An early-start treat-and-extend regimen produced comparable efficacy with fewer aflibercept injections than regular injections every 8 weeks.
Treat-and-extend regimens for intravitreal aflibercept in patients with neovascular age-related macular degeneration (AMD) can reduce injections, and have similar results to a late-start regimen, according to a poster presented at the 2019 Association for Research in Vision and Ophthalmology (ARVO) Annual Meeting.
An international team of investigators wanted to assess the efficacy of intravitreal aflibercept administered in an early-start treat-and-extend compared to late-start treat-and-extend regimens in patients with AMD. The team measured this success using best-corrected visual acuity (BCVA). By utilizing a treat-and-extend dosing regimen, the investigators noted, the treatment interval is extended which in turn limits the number of visits, monitoring, and injections.
The investigators included 287 treatment-naïve patients with AMD from Europe, Canada, and Australia in their analysis. All of the patients received 3 initial monthly doses of intravitreal aflibercept at baseline, week 4, and week 8. They also received a subsequent injection at week 16 and were followed up through week 104.
At that point, the patients were randomized to either a late- or early-start treat-and-extend regimen. The early-start regimen extended by 2 weeks or included an initial 4-week interval. The late start program included 2 mg intravitreal aflibercept every 8 weeks until week 52 (2q8), followed by treat-and-extend.
By week 52, absolute BCVA and changes in BCVA were similar in patients in the early-start and 2q8 regimen treatment groups, the investigators determined.
The mean number of injections through week 52 was 7.2 in the early-start treat-and-extend group, compared to 8.0 in the 2q8 cohort. Nearly all of the patients maintained visual acuity (<15 letter loss) for the first year, with 98.5% of the early-start and 97.8% in the 2q8 group doing so.
The investigators reported that there were no serious adverse events in the study eye in patients in the treat-and-extend group, but 3 in any eye in that group. The 2q8 group experienced 3 serious adverse events in the treatment eye and 4 in any eye.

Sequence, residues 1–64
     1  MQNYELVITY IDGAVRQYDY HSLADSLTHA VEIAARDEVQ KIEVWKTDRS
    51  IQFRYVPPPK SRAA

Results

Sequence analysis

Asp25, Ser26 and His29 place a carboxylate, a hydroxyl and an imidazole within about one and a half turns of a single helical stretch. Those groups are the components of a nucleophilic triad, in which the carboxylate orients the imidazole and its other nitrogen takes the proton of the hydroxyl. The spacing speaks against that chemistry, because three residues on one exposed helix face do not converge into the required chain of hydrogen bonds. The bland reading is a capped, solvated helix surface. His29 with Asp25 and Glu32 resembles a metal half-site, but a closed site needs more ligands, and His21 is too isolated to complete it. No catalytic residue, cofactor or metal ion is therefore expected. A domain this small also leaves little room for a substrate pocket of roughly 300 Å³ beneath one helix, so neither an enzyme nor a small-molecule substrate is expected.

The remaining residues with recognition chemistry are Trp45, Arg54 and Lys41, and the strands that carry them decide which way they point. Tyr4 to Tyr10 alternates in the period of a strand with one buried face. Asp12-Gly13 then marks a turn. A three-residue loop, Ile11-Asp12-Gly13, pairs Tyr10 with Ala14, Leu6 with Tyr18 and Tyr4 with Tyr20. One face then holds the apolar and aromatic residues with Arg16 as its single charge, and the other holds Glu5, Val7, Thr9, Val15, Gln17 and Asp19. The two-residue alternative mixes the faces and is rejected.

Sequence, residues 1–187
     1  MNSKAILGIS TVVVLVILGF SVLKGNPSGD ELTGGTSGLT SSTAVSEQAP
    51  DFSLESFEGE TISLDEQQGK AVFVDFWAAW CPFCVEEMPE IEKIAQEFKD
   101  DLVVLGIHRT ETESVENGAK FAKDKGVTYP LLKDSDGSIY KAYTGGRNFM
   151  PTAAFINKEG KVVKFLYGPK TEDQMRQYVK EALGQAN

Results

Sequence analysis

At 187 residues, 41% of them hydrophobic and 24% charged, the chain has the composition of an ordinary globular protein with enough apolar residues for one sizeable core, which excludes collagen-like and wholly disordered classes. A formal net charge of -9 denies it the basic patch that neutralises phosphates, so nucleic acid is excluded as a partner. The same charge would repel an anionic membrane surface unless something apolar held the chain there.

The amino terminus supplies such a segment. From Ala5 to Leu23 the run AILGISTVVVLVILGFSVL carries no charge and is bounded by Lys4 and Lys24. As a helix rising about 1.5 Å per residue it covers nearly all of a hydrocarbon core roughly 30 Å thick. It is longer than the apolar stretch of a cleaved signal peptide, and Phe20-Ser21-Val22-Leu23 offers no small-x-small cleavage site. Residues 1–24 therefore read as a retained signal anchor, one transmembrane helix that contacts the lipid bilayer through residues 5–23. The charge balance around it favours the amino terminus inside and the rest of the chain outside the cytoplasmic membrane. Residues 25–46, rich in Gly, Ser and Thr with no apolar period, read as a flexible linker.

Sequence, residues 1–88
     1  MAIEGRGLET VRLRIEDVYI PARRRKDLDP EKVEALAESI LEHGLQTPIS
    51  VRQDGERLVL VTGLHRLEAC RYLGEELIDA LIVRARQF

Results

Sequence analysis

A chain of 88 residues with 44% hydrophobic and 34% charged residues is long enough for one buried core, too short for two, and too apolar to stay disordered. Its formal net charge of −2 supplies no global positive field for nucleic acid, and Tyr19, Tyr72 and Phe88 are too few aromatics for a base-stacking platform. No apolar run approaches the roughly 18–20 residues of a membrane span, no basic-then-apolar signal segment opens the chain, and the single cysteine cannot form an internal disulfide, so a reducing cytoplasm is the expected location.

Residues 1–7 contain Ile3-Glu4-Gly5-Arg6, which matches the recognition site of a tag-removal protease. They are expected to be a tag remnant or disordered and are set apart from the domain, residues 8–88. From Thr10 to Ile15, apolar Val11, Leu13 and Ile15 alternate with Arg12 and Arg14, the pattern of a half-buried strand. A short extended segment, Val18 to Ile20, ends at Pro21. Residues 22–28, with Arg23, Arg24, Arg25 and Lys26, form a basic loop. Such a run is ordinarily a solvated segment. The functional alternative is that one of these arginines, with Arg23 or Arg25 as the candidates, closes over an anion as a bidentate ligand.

There were 55 treatment-emergent adverse events (TEAEs) in the treat-and-extend treated eye and 63 non-ocular TEAEs in that group. For the 2q8 cohort, there were 57 ocular TEAEs in study eye and 75 non-ocular TEAEs. About the same number of dropouts were seen in the first year in both groups: 7 in the early-start group and 8 in the late-start group. The most common ocular TEAEs were conjunctival hemorrhage, visual acuity reduced, and wet AMD, the investigators said. Common non-ocular TEAEs included influenza, nasopharyngitis, and pneumonia.
“Interim analysis of the primary endpoint (best-corrected visual acuity change from week 16 to week 104) showed no significant difference in visual acuity gains between early treat-and-extend and fixed 2q8 regiments,” the investigators concluded. “Interim results support the start of treat-and-extend with intravitreal aflibercept after the first 8-week interval at 16 weeks.” (© Association for Research in Vision and Ophthalmology 2019)
The investigators also called the reduction of intravitreal aflibercept injections at week 52 from 8.0 to 8.2 “clinically significant.”
The poster, “Efficacy of Intravitreal Aflibercept Administered Using Treat-and-Extend Regimen Over 2 Years in Patients with Neovascular Age-Related Macular Degeneration,” was presented at the ARVO Annual Meeting held in Vancouver, Canada from April 28 to May 2, 2019.